Effective defenses against the Kaminsky attack. At risk of over-simplifying, the Kaminsky attack can be used to attack DNS clients that do not use source port randomization. The immediate defense against the Kaminsky attack is to turn on source port randomization. These days, most modern DNS software does perform source port randomization.
(If you haven't done so in a while, I highly recommend that you update your DNS software, on both clients and servers, to get the benefits of this defense.)
The current state. Fortunately, most of the Internet has already upgraded its DNS software to more recent versions that incorporate defenses against the Kaminsky attack. These defenses make the Kaminsky attack quite difficult. (They are not 100% impossible, but they would require a lot of resources: billions of packets.) Therefore, most sites today are likely to be reasonably well protected against the Kaminsky attack. For instance, odds are very good that your ISP and your bank are protected.
If there are any laggards out there who haven't updated their DNS software to a recent version that incorporates defenses against the Kaminsky attack (e.g., source port randomization), then they are likely to be very vulnerable. The Kaminsky attack is quite easy to mount and highly effective, if the server doesn't incorporate defenses against it.
What about DNSSEC? DNSSEC is a separate deal. It is designed to provide security, even in situations where your DNS servers are compromised or where a man-in-the-middle is attacking your network traffic. Therefore, in theory, DNSSEC would provide an acceptable alternative defense against the Kaminsky attack.
However, in practice, relying upon DNSSEC to protect you from the Kaminsky attack would be a lousy idea. There are two problems:
First, DNSSEC is not widely deployed today. Today, very few domains are signed with DNSSEC. This makes it impossible to deploy DNSSEC with strict validation. Instead, in current DNSSEC implementations, if a response for an unsigned domain is received, the response is accepted without performing any cryptographic checks. This means that a client that is vulnerable to the Kaminsky attack can still be attacked, even if it uses DNSSEC.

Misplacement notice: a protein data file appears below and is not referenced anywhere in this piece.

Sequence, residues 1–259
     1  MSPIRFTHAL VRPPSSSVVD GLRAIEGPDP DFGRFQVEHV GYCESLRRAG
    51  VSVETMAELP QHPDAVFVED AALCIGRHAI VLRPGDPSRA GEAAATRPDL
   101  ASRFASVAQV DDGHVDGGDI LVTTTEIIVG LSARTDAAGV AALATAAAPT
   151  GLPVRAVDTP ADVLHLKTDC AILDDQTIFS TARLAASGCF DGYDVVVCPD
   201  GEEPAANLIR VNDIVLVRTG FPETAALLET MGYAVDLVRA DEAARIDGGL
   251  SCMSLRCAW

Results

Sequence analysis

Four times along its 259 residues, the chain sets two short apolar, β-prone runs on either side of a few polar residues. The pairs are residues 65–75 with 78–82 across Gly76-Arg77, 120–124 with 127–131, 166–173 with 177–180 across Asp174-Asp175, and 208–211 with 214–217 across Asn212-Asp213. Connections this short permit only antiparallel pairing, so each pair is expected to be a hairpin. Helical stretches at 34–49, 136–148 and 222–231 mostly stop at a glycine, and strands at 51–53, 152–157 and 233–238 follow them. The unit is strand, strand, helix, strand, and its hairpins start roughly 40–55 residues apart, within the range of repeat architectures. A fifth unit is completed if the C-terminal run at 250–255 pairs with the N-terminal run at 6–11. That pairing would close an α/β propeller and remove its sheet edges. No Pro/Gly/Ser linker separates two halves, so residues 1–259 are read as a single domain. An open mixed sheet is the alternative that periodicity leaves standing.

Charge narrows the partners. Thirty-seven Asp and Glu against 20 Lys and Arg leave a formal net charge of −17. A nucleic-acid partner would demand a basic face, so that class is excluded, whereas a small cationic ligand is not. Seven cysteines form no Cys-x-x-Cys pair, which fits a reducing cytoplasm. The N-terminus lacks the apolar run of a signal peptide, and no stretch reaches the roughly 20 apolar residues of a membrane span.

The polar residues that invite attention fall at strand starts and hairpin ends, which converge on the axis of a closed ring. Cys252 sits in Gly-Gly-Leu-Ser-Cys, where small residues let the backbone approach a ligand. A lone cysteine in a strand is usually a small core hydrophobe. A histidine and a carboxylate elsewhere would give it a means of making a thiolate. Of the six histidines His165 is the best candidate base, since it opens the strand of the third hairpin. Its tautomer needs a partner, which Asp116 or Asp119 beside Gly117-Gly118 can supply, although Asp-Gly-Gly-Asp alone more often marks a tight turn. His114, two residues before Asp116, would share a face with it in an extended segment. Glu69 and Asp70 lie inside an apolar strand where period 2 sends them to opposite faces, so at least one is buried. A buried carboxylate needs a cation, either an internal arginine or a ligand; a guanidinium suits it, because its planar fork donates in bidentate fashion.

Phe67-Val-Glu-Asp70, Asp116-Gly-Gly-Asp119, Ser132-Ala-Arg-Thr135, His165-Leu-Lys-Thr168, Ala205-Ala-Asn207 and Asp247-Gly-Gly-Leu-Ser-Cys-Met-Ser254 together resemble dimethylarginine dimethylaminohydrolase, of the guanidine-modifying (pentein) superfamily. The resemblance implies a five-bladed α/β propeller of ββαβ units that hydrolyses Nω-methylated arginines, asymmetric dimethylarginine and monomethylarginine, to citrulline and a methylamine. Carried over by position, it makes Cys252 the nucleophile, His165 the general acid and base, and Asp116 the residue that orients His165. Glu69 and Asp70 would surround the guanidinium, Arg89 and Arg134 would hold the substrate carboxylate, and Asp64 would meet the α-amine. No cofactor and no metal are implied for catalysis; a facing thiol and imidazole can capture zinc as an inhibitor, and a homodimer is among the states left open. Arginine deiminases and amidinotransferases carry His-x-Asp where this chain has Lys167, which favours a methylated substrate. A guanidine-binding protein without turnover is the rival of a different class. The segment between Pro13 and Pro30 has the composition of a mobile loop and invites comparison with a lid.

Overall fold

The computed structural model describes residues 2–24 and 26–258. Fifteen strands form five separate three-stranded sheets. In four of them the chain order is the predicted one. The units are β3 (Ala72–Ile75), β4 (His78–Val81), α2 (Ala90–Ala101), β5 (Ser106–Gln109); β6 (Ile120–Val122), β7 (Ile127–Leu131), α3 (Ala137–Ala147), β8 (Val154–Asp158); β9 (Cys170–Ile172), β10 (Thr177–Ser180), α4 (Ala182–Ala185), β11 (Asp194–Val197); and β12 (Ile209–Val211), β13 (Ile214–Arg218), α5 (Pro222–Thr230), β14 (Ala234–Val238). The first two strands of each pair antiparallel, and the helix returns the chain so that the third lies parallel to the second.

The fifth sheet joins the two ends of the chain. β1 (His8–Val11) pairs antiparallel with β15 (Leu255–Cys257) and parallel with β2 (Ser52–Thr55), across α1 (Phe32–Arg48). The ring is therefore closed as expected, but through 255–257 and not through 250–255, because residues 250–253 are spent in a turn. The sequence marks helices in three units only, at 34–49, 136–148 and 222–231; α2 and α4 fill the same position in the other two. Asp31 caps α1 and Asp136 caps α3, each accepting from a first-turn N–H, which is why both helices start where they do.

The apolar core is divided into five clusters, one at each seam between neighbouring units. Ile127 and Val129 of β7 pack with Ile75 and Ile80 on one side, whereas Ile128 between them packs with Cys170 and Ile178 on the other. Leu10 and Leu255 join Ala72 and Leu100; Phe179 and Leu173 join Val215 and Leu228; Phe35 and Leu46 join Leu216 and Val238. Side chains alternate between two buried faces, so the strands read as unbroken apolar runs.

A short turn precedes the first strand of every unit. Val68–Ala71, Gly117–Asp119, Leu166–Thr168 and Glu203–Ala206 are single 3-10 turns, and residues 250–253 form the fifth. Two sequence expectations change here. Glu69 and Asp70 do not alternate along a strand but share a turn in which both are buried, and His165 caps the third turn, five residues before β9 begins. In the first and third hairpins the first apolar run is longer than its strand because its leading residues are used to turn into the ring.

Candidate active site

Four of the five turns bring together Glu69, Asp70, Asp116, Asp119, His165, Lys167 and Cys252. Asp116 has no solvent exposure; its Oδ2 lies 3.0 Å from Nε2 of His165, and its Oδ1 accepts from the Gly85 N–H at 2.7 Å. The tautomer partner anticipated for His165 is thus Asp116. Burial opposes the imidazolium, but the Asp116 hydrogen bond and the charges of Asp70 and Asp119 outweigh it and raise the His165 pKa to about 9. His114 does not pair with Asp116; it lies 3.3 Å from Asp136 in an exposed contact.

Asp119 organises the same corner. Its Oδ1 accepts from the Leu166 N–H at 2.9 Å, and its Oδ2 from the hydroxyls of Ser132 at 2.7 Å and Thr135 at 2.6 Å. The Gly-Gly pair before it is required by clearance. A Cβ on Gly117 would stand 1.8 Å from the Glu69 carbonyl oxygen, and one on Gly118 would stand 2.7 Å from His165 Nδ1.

Second, source port randomization is so easy to deploy, whereas DNSSEC is more challenging (operationally and logistically) to deploy. You'd have to be crazy to continue using old vulnerable versions of DNS software. Deploying source port randomization is easy enough (just upgrade to the latest version of your DNS software, in most cases) that it'd be nuts not to take advantage of the source port randomization defense.
DNSSEC is still a very good idea, and the Kaminsky attack underscores the importance of deploying DNSSEC widely. So, don't misinterpret me. I do encourage you to enable DNSSEC on your machines. Just don't view it as a substitute for source port randomization.
In conclusion. Everyone should be using source port randomization. It's a no-brainer, and it is currently the most effective defense against the Kaminsky attack. Fortunately, my impression is that source port randomization is already very widely used, so most of the Internet should be reasonably well defended against the Kaminsky attack.
Taking a longer view, DNSSEC is important because it provides robust protections against a large class of possible attacks against DNS -- even ones we haven't thought of or aren't aware of, but that might be discovered in the future. It is the best prophylactic we have, to proactively prevent future incidents like the Kaminsky attack. Therefore, it would be best for network operators and others to do what they can to deploy DNSSEC with all deliberate speed.